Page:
Category Archives: debt bubble

29/10/18: Corporate Credit and the Debt Powder Keg


As it says on the tin: despite growth in earnings, the numbers of U.S. companies that are struggling with interest payments on the gargantuan mountain of corporate debt they carry remains high. The chart does not show those companies with EBIT/interest cover ratio below 1 that are at risk (e.g. with the ratio closer to 0.9) for the short term impact of rising interest rates. That said, the overall percent of firms classified as risky is at the third highest since the peak of the GFC. And that is some doing, given a decade of extremely low cost of debt financing.

Talking of a powder keg getting primed and fused…


29/10/18: Corporate Credit and the Debt Powder Keg


As it says on the tin: despite growth in earnings, the numbers of U.S. companies that are struggling with interest payments on the gargantuan mountain of corporate debt they carry remains high. The chart does not show those companies with EBIT/interest cover ratio below 1 that are at risk (e.g. with the ratio closer to 0.9) for the short term impact of rising interest rates. That said, the overall percent of firms classified as risky is at the third highest since the peak of the GFC. And that is some doing, given a decade of extremely low cost of debt financing.

Talking of a powder keg getting primed and fused…


9/9/18: Populism, Middle Class and Asset Bubbles


The range of total returns (unadjusted for differential FX rates) for some key assets categories since 2009 via Goldman Sachs Research:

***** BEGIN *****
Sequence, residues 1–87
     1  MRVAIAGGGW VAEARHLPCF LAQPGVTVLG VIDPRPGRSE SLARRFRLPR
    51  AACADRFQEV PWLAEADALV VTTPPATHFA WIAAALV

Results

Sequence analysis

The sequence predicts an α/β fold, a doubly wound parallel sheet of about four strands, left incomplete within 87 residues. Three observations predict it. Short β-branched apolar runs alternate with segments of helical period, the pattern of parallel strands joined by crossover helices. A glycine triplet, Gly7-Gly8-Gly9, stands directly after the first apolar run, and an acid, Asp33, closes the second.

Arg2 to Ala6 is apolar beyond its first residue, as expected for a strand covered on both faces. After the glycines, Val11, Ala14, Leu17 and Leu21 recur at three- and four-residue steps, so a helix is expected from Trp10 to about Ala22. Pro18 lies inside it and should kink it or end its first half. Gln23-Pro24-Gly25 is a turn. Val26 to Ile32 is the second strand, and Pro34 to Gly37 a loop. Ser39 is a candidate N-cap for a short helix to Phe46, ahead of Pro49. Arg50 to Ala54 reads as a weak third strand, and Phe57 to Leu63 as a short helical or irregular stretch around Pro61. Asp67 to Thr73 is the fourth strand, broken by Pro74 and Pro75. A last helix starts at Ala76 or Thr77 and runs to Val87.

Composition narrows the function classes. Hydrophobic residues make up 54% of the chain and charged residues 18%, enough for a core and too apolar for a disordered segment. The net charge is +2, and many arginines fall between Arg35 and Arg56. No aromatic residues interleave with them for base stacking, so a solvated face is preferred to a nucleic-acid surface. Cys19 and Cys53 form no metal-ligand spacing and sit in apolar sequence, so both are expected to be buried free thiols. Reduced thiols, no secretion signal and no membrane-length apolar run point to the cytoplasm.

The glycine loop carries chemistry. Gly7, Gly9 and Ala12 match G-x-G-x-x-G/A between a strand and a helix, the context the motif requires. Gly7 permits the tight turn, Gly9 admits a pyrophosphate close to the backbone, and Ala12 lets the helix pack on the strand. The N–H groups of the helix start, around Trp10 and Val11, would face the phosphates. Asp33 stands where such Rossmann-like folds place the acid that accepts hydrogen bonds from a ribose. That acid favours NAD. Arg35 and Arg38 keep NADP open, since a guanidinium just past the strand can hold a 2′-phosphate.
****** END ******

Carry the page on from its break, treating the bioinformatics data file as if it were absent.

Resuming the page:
The above highlights the pivot toward financial assets inflation under the tidal wave of Quantitative Easing programmes by the major Central Banks. The financial sector repression is taking the bite out of the consumer / household finances through widening profit margins, reflective of the economy's move toward higher financial intensity of output. Put differently, the CPI gap to corporate costs inflation is widening, and with it, the asset price inflation is drifting toward financial assets:


This is the 'beggar-thy-household' economy, folks. Not surprisingly, while the proportion of total population classifiable as middle-class might be stabilising (after a massive decline from the 1970s and 1980s levels):

 Incomes of the middle class are stagnant (and for lower earners, falling):

And post-QE squeeze (higher interest rates and higher cost of credit intermediation) is coming for the already stretched households. Any wonder that political populism/opportunism is also on the rise?

14/7/18: Elephants. China Shop, Enters a Mouse: Global Debt Bubble


Bank for International Settlements Annual Report for 2018 has a very interesting set of charts covering the growing global debt bubble, one of the key risks to the global economy highlighted in the report.

First, levels:

  • Global debt rose from 179% of GDP at the end of 2007 to 217% at the end of 2017 - adding 38 percentage points to the overall leverage carried by the global economy.
  • The rise has been more dramatic for the Emerging Economies, with debt levels rising from 113% of GDP to 176% between the end of 2007 and the end of 2017, a net addition of 63 percentage points.
  • Advanced economies faired somewhat better, posting an increase from 233% of GDP to 269%, a net rise of 36 percentage points.
  • As it stood at the end of 2017, Global Debt was well in excess of x3 the Global GDP - a degree of leverage not seen in the modern history.


As noted by BIS: “...financial markets are overstretched, as noted above, and we have seen a continuous rise in the global stock of debt, private plus public, in relation to GDP. This has extended a trend that goes back to well before the crisis and that has coincided with a long-term decline in interest rates".


Next, impacts of monetary policy normalization: